The RAIJINTEK EREBOSS Gets Tested
With the TISIS already tested and analyzed, the RAIJINTEK EREBOSS follows up our look at the company’s top tower coolers. This might not be a dual tower but by specifications, it is still a top-end CPU cooler with a huge dissipation area and a good thermal resistance value to boot.
Specifications aside, this CPU cooler is by no means your standard cooling solution. It’s a huge block of aluminum with unique features, and a slim fan to go with it. This cooler has been around since 2013 by the way and with that said, this living fossil is begging to be tested with the current PC components at our disposal. Is it still a good cooler? We shall find out!
RAIJINTEK EREBOSS SPECIFICATIONS:
|Product Name||EREBOSS / EREBOSS BLACK|
|Product Number||0P105250 / 0R100011|
|Dimension [W×D×H]||140×110.5×160 mm|
|Weight||808 g [Heat Sink Only]|
|Thermal Resistance||0.11 °C/W|
|Heat Sink Base Material||Nickel Copper Base|
|Heat Sink Fin Material||Aluminum Alloy; Solder-free fins assembly|
|Heat-pipe Quantity||6 pcs|
AEOLUS α PWM FAN SPECIFICATIONS:
|Dimension [W×H×D]||140×150×13 mm|
|Speed||650-1400 R.P.M. [PWM controlled]|
|Bearing Type||Sleeve Bearing|
|Air Flow||44.43-56.55 CFM|
|Air Pressure||0.76~1.24 mmH2O|
|Life Expectance||40,000 hrs|
|Noise Level||28.0 dBA|
PACKAGING & ACCESSORIES:
The RAIJINTEK EREBOSS comes in a compact packaging with its specifications, and features laid out pretty well across all the visible surfaces. I say RAIJINTEK is not wasting any available areas to showcase this cooler’s features.
Inside, you’ll get a rewarding amount of accessories to utilize. There are steel mounting kits for both Intel and AMD, plus a variety of extras. That includes a screw driver, a sachet of TIM, and a variety of fan mounting kits. There’s a lot of small pieces at the EREBOSS’ loot box so care is definitely required when handling the accessories.
RAIJINTEK included the Aeolus α 140mm fans with the EREBOSS. This is a sleeve bearing fan rated to output 650-1400 RPM, with a 28dBA noise level at maximum load. The fan also features a 0.76~1.24 mmH2O air pressure level, with a corresponding 44.43-56.55 CFM of Air Flow. This is a 13mm slim PWM fan. Possibly the slimmest during its time.
THE RAIJINTEK EREBOSS CPU COOLER:
The RAIJINTEK EREBOSS is one huge cooler, towering at 160mm with a width of 140mm. It’s just a little shorter than – but still just as wide as the TISIS. Weight is just around 800 grams so it is within the medium weight mark. You can stack 2 fans via the provided rubber inserts, but you can also install them on the slimmer 110mm side via the metal brackets.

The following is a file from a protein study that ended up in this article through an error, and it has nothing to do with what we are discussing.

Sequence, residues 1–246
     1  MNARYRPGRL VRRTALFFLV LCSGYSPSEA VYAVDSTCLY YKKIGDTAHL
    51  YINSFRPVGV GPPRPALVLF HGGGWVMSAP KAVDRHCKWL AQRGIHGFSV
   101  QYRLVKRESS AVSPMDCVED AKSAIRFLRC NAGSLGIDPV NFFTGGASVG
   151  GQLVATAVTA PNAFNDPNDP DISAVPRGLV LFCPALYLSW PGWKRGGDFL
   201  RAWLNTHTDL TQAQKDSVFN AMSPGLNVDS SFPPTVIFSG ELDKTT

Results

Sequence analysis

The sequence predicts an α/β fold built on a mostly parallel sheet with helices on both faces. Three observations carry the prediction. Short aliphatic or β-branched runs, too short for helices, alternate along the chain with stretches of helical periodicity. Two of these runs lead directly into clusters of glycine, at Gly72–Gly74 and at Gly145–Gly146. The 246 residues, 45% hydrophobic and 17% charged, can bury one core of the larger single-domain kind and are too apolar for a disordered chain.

The EREBOSS is no symmetrical cooler when it comes to design much like the TISIS. The aluminum fins counts to 33 pieces, with around ~0.4mm of space between them. Assembly is made solder-free so I’m curious on how this will perform compared to other soldered solutions.
The RAIJINTEK EREBOSS’ base plate is not mirror finished but it is nickel plated copper base to start with. This plating will provide corrosion resistance, and wear resistance over time compared to bare copper plates. 32 out of the 33 fins features a number of triangular perforations that should aid cooling. Notice that the base plate is not really at the center of the cooler’s mass. That should help the EREBOSS to feature better compatibility with memory slots.
The cooler features Six, 6mm diameter heat-pipes. They are configured in a crisscross pattern and that again should aid cooling. Looks quite good too.
INSTALLING THE RAIJINTEK EREBOSS:
Installing the TISIS is tedious, and the EREBOSS is no different. First off, trying to put this thing together inside a case is a huge no-no, as with any other massive tower coolers out here. There’s a lot of small items to take care of, and chances are – one mistake could snowball you into frustration.
The mounting kit is the same with the other RAIJINTEK offerings, thus requiring you to lock the back plate using the plastic fasteners / washers once in place. The back pl;ate will simply fall off easily without these.
The back plate and the brackets for the LGA sockets doesn’t feature leads to guide you where to specifically align the screws. That said, you are required to check the positioning of the brackets before slapping in the cooler.
Finished build looks nice and massive even on a full size ATX motherboard.
Now as for compatibility, this cooler should be compatible with expansion cards situated at the first slot of the board. This means that if your board features a top slot mounted graphics card, there wont be any issue – unless your card has a thick back plate installed. Now as for the memory, this will eat up the first slot with the fan attached, so you have to install the fan at the back (push or pull), or have a standard memory kit installed instead of taller none standard ones.
TEST SETUP & METHODOLOGY: